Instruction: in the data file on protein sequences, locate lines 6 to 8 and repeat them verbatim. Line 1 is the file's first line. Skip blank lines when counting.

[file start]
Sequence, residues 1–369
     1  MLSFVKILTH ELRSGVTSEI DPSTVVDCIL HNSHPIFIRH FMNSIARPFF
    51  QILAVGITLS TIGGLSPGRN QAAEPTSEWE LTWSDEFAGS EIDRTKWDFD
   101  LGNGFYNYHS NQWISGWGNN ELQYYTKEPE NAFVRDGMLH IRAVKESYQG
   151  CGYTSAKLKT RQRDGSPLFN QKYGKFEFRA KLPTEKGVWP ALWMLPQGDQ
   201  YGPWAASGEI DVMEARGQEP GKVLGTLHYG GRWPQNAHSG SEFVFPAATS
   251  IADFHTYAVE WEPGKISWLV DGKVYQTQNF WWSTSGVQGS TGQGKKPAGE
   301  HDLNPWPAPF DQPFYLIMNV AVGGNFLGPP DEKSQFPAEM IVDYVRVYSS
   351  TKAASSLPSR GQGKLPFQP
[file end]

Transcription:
   201  YGPWAASGEI DVMEARGQEP GKVLGTLHYG GRWPQNAHSG SEFVFPAATS
   251  IADFHTYAVE WEPGKISWLV DGKVYQTQNF WWSTSGVQGS TGQGKKPAGE
   301  HDLNPWPAPF DQPFYLIMNV AVGGNFLGPP DEKSQFPAEM IVDYVRVYSS